It appears we are the latter, aided and abetted by a manipulated media and a war-weary, economically troubled populace. For almost three years now, I’ve swallowed down my fear for this president and his family, as I know have many of you. I’ve prayed for the Secret Service to be good at their jobs and stay safe themselves, and I’m not a praying person. Most painful for me have been the times when the left joined in with the right, unknowingly (I hope) buying into the “ism” directed at this president, under the guise of holding him accountable.
But of course, hatred is not holding someone accountable. Hatred is personal. Hatred invites the devil in, and the devil in this case was just waiting for an invitation.
There is quite simply no excuse for the destructive, sulfurous animosity and disdain directed at this man and his family that we have tolerated and allowed as a nation. I felt ashamed of this country when George W Bush announced he would not be working with the UN and would invade a sovereign nation, and now, again, I feel the same sense of being responsible for something so malevolent and forever-changing that I can’t even comprehend it fully. During the first few years of the invasion, I felt as if my tax dollars being spent on the war (little did I know that the war had been left off of the budget) meant I was culpable. And so, too, now, I feel culpable for the actions of the minority.
Because a country is a community, and in this community, the lunatics are being allowed to run the asylum. We are all responsible for their actions, for our tolerance permits it to grow and fester.
If anything should happen to this president, I fear our country would not recover. So, if we love this country, if we have a shred of patriotism left, we will not allow the ugly festering wound of hatred to continue unanswered. If the media continues to lack the courage and integrity to report the truth, to give words to the unspeakable horror hiding in plain sight, we must double down on our efforts.
Violent rhetoric, corrosive personal hatred of the man, and unabated rudeness all give permission and invite the unstable to heinous acts. As Gabby Gifford’s husband said so well, Sarah Palin may not have been responsible for the Arizona massacre, but she was irresponsible. She was also, as are too many on the right, petulant and petty in response to the national outcry of “Enough!” Post Arizona shootings, the right chose to focus on false equivalencies and “shared blame”, all the while careful to never take responsibility for their own part in the ugly rhetoric — as children, not adults, would do. When the Republican Party became more interested in not being blamed for atrocities than they were in remedying them, they lost all claim to a moral high ground.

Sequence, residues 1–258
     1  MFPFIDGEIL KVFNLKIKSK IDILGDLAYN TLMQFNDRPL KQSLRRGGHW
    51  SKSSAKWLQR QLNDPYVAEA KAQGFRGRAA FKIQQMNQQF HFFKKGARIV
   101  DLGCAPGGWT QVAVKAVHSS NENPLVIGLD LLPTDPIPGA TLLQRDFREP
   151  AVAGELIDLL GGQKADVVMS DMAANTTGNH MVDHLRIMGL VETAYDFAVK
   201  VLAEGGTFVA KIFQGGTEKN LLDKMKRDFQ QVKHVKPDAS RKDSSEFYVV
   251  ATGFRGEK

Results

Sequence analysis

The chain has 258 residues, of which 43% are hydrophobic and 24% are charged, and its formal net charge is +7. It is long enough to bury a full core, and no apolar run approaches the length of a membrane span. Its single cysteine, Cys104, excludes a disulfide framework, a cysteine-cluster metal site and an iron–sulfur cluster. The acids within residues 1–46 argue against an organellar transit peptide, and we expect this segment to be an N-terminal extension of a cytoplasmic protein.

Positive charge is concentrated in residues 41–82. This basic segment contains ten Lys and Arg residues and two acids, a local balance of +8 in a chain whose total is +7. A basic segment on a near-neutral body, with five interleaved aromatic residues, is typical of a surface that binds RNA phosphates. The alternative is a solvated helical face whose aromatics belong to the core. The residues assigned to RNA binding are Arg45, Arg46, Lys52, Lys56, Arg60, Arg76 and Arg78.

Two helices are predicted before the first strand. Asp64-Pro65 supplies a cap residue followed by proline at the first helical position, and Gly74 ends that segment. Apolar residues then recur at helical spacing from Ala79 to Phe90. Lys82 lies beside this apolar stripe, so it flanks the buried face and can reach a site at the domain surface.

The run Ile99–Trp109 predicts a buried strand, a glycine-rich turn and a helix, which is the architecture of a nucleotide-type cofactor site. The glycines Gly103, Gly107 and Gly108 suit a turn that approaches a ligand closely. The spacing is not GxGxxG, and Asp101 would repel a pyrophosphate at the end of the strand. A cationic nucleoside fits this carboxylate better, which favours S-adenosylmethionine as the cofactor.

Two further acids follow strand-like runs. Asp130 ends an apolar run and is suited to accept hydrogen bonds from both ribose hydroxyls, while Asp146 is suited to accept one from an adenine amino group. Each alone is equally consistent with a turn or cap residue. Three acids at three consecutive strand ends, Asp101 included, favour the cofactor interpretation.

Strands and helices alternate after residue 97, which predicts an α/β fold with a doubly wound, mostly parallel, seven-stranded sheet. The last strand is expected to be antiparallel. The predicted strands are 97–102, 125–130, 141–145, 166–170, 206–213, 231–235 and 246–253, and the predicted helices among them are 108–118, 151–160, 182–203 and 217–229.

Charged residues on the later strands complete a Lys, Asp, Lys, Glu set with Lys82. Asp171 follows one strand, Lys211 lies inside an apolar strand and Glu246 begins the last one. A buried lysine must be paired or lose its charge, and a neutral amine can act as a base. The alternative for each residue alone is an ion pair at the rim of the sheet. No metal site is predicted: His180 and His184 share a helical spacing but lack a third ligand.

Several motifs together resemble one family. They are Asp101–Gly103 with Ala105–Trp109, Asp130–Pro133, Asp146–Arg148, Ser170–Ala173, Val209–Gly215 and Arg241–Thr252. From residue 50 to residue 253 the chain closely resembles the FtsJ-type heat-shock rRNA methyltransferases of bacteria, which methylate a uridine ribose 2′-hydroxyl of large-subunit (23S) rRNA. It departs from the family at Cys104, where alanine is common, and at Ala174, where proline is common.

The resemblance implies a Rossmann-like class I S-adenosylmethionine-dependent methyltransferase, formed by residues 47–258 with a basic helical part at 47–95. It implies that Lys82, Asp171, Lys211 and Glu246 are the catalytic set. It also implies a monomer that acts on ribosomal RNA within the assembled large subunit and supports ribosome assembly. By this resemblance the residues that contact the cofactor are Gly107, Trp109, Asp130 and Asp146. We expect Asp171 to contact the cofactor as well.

We can’t afford to base our level of acceptable morality on the juvenile responses to our demands for civility. We must each search our own hearts and minds for what we know to be the truth, what we as citizens of this great country want her to stand for, and we must demand that our leaders rise up to those demands, rather than feed from the bottomless pit of the lowest common denominator. For true leaders are not found in the trough, sucking up to the dredges of society as their foot soldiers, but rather inspiring us to be our individual and collective best, recognizing that while we may not agree with the policies, we need not hate the person.
On this solemn anniversary, we must not forget that it can happen again and it will happen again unless we all take a stand together. The nation must face the moral depravity of the Republican Party and reject it without further consideration, for our leaders cannot be a force of hostility toward other Americans nor deliberately widen the chasm of our nation for cynical political purposes. The Republican Party has been catering to division and bigotry as a get out the vote tactic for so long, they never noticed when they willingly gave up the mantle of the party of personal responsibility and morality.
But we did notice, and we must say no more for the good of our country, as a whole. Let the anniversary of JFK’s assassination serve as a reminder of where institutionalized hatred can lead.